around nine months
And this weekend…this glorious, splendid, snow-covered weekend… I will drop the morning feeding. I will get to stop wearing nursing bras and stop hiding out [and unfortunately probably stop eating like a cow]. I will get to get Blythe up in the morning and not worry about her getting clingy and fussy right away because she smells breakfast on me. I will, in a way, finally get my body back.

This may come across as very selfish, to say that I haven't enjoyed providing food for my daughter [which is an amazing thing God gave us, let me say!]. But I will tell you this: these past 11 months, particularly because breastfeeding has been so difficult, have been more humbling than any other time in my life. I assumed it would be easy. It wasn't. I assumed I would enjoy it. I didn't. I assumed I would get all those warm fuzzies when I sat down to nurse her. I never did. I assumed I would be sad to let this time of her being so dependent on me, her mom, go. I am not. I've learned that what I think will happen, or how I foresee things, may just very well be wrong. And I've learned that sometimes moms just do what they have to do, and take the burnt piece of toast as they dole out the good pieces to others.

And I will say this: I will never judge another mother for how they choose to feed their infant-- if they want to breastfeed, great. If they want to do formula, great. If their child won't take either and they have to make custard and feed it to their 3 week old on a little spoon like Grandma Pat had to do with my father in law, more power to 'em! I'm so thankful that the people in my life, my friends and my family, gave me permission to do whatever I wanted to do and what I thought was best for me and Blythe. I will never forget them during that time.

But now? Now I will rejoice that the clock is ticking down, minute by minute, until I get to stop nursing! I have an hour long massage I've saved since before Christmas for this time to celebrate.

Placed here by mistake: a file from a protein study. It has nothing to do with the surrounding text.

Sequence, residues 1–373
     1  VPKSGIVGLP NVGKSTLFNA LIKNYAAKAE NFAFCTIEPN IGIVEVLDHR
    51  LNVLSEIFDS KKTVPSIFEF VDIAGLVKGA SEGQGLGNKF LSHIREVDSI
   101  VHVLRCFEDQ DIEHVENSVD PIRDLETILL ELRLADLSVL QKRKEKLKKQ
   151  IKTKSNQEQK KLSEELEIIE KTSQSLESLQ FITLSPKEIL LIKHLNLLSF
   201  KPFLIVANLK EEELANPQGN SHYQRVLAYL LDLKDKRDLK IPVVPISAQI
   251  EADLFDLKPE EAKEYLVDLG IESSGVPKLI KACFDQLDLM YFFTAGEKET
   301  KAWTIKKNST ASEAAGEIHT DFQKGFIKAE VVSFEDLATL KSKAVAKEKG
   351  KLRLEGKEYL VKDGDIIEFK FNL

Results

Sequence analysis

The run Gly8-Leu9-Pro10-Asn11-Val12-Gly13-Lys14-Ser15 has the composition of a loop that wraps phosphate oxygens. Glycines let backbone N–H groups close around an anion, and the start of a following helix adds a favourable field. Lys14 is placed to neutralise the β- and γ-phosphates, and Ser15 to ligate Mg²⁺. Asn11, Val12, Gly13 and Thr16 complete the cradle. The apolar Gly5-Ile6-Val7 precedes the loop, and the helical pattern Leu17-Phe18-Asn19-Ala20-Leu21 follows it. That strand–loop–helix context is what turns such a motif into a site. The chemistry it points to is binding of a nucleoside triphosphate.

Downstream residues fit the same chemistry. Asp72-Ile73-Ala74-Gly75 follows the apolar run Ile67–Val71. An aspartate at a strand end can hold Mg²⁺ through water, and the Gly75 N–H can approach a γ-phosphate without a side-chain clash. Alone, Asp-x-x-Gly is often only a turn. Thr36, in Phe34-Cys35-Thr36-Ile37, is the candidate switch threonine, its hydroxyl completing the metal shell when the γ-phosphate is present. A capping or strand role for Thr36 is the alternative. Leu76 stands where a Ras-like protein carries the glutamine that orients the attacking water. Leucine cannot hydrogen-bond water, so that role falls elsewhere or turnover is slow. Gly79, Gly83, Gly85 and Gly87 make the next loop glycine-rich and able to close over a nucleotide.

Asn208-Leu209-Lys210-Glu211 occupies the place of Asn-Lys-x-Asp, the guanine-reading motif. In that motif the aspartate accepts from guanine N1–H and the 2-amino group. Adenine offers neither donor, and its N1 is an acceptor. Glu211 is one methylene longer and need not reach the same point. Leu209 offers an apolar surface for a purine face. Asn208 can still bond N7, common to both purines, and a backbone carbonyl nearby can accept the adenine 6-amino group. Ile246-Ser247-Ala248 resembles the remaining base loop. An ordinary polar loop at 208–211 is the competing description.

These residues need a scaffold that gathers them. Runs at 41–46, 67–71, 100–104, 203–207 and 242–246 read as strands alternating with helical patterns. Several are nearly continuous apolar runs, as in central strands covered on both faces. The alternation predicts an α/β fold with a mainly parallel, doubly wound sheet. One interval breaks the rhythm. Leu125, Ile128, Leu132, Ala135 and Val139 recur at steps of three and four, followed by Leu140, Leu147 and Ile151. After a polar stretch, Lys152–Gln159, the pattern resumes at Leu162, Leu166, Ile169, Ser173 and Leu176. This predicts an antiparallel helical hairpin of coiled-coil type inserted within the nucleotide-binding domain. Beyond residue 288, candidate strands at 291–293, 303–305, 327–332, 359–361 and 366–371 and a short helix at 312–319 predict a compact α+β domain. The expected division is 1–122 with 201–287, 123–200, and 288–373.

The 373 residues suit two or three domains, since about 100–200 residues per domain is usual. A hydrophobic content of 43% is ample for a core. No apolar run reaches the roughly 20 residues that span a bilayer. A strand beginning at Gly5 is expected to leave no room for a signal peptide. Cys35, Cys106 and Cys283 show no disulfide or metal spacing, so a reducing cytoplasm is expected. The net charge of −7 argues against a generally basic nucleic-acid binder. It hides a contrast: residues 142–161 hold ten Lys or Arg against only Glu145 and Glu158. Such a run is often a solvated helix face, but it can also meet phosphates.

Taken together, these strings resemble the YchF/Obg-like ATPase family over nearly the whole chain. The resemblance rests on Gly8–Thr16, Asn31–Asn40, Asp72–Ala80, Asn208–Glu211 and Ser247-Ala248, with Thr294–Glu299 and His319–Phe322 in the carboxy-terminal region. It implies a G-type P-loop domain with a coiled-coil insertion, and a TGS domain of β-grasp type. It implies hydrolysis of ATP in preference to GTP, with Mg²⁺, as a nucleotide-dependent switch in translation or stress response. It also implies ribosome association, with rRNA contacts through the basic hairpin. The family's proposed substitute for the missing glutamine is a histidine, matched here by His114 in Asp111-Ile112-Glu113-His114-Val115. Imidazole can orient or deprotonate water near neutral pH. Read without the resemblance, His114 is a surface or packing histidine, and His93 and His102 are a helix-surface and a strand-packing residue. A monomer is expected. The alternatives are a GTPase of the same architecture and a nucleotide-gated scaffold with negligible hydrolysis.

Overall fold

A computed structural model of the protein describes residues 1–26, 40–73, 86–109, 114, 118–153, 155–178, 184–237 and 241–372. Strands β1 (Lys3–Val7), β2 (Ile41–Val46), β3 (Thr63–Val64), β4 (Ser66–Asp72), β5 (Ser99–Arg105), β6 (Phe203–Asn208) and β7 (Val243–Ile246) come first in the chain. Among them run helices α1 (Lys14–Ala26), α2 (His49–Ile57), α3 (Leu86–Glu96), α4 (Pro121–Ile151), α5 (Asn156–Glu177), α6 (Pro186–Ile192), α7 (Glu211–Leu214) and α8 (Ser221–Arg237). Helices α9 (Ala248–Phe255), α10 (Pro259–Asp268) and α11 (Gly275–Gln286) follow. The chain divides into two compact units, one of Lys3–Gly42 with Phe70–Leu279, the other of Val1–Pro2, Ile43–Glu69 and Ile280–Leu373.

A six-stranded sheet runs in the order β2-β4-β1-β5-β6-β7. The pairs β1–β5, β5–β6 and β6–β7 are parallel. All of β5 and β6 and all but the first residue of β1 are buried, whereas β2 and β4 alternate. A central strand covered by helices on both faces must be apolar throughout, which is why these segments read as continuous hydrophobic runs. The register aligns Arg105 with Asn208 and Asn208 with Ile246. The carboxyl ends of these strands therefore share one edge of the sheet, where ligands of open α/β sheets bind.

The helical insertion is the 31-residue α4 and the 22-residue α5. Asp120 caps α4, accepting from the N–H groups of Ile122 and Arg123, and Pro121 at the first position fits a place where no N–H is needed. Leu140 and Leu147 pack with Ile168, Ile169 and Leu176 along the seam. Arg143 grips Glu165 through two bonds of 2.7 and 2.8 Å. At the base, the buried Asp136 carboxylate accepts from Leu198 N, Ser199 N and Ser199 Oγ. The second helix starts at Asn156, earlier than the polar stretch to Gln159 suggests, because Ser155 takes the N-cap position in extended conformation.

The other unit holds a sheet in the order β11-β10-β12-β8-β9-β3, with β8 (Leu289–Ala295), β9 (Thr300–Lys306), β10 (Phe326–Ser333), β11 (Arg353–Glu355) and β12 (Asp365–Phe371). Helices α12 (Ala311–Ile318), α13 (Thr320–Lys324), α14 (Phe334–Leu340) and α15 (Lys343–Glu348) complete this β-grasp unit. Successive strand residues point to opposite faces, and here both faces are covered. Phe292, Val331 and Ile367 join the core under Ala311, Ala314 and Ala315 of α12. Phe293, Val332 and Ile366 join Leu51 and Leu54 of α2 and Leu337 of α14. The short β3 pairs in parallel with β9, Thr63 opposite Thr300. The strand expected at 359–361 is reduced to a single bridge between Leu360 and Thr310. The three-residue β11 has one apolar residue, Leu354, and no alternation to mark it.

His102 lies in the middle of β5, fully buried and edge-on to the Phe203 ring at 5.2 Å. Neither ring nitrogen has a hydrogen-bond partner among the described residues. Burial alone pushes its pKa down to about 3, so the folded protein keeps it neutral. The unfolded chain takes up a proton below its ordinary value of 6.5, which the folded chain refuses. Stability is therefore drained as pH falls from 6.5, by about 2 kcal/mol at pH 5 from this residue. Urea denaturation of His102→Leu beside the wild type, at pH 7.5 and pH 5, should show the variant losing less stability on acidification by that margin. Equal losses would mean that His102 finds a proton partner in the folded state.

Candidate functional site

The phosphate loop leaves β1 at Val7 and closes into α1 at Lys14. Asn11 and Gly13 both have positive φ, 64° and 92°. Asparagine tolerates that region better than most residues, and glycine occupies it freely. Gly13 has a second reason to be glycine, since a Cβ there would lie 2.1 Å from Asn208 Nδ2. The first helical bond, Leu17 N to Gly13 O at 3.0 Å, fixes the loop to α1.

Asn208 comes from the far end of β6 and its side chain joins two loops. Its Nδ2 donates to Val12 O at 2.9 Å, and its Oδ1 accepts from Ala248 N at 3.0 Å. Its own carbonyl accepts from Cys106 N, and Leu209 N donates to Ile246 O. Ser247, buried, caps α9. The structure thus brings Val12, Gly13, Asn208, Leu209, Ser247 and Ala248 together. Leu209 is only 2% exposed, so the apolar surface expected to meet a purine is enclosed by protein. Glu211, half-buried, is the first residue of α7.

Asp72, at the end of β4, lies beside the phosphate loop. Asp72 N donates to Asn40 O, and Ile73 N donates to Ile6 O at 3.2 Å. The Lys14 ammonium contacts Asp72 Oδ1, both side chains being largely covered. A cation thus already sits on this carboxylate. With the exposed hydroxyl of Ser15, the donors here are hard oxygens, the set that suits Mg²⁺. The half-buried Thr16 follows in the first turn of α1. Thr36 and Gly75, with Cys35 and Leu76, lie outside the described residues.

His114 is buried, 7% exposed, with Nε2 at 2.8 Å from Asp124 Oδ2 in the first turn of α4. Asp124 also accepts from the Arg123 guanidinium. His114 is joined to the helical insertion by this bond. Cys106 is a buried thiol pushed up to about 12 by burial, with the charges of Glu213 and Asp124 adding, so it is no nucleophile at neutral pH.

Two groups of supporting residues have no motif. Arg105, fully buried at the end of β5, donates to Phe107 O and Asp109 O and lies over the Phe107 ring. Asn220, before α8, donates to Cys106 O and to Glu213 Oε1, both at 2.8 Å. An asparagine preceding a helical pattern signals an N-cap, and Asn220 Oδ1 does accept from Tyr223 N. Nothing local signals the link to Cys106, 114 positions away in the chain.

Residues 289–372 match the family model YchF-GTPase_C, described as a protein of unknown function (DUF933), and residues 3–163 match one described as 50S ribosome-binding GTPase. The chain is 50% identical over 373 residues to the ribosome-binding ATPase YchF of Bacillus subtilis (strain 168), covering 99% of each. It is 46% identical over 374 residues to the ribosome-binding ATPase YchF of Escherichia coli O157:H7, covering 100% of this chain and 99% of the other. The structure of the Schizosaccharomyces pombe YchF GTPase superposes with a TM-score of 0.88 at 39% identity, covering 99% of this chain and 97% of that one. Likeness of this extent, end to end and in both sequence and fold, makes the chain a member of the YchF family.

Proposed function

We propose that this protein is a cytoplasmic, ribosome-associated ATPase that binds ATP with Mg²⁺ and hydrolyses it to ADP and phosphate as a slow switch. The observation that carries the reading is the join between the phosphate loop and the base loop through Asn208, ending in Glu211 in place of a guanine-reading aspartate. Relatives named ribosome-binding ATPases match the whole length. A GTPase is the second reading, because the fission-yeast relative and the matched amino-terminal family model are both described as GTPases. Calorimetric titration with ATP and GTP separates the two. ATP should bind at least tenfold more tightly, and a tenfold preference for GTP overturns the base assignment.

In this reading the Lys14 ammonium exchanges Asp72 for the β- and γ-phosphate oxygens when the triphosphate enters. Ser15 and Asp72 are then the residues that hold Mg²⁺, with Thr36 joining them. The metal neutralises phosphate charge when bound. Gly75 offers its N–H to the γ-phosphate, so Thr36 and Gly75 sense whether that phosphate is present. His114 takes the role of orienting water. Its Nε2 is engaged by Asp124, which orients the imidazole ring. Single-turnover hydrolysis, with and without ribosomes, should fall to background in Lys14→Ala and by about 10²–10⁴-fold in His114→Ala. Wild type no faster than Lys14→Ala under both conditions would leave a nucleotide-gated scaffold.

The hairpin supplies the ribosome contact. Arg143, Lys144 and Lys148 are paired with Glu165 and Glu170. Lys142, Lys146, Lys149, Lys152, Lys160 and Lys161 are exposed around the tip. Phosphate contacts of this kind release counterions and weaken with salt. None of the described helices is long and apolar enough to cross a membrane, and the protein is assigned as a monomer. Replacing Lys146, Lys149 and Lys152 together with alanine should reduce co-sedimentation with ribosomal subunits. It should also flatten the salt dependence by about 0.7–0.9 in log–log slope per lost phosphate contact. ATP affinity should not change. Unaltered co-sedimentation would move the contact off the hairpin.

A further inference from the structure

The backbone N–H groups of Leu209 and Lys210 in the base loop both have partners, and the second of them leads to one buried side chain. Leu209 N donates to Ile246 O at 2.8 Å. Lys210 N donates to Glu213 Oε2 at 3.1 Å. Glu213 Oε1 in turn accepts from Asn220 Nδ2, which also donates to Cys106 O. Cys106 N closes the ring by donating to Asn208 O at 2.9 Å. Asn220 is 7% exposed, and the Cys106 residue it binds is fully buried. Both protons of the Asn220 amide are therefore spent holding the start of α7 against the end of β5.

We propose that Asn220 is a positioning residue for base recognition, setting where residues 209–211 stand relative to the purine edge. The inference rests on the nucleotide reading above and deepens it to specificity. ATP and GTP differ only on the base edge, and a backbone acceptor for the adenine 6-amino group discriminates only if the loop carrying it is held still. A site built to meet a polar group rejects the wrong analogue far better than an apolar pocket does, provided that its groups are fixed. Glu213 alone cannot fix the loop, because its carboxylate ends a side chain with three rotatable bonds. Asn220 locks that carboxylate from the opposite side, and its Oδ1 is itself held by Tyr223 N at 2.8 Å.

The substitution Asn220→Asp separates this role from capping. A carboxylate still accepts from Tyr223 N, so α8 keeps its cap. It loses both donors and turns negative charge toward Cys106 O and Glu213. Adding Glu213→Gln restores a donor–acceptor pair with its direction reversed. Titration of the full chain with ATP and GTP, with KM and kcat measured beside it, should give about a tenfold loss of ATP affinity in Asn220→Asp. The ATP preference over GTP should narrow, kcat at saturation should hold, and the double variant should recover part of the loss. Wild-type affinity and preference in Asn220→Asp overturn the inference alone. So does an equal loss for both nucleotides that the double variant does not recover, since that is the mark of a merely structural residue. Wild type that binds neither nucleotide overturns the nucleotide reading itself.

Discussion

about two weeks ago, around 10 1/2 months
It's hard to see the end when you're so engrossed in the struggle every moment of every day. But this was a good reminder to me that, in all things, God is faithful and he never has left my side.


momiss said...

Definitely the words of a mother. Oh, and those burnt pieces of toast? I call those "mother's rations". LOL When other people would ask me how I stayed so skinny (many times not in a very nice way) I always said immediately and with a straight face "mother's rations". If they didn't know what I was talking about I figured they were not "real" mothers. Baahahahaha!

Hannah said...

I know you have shared before a little bit about the struggles of breast feeding, but I am so glad you shared your thoughts on the matter again. Mostly because I can fully understand what you mean now. It is so exhausting, draining, and demanding (as you very well know). But I am determined to keep going for as long as I can, which is hopefully a year. Landon has been so sweet during this time, telling me it's ok and he understands if I want to stop. It's amazing how how far a little encouragement will take you.

I'm glad you made it this far and that you are almost done nursing, something worth celebrating for sure!

*carrie* said...

Appreciate your honesty, Kelsey. As I mentioned last week, I was shocked by how painful nursing was when I started out with Nathan. Like you, I assumed it would be easy and that a year would be no problem. I took a similar approach in setting goals and then changing them when needed. I shared that with a new mom friend a couple years ago and she said it was the best breastfeeding advice she received--to set a small goal and move it forward if you can. ANY breastmilk is better than none if you can do it.

Have fun celebrating! I think I have a long ways to go. =)

Kali said...

"You did it! You did it! You did it! Yay!" We're doing the Dora dance for you ;-) I think you should bring B to Shatto to celebrate!

Ashley said...

Kudos to you! Every mother has their story, but congratulations on sticking with it...and being honest! My kids never made it past 4 months with me. I literally could not supply enough for them and the judgements I got were astonishing. What matters is the kids are healthy and happy :) Great job!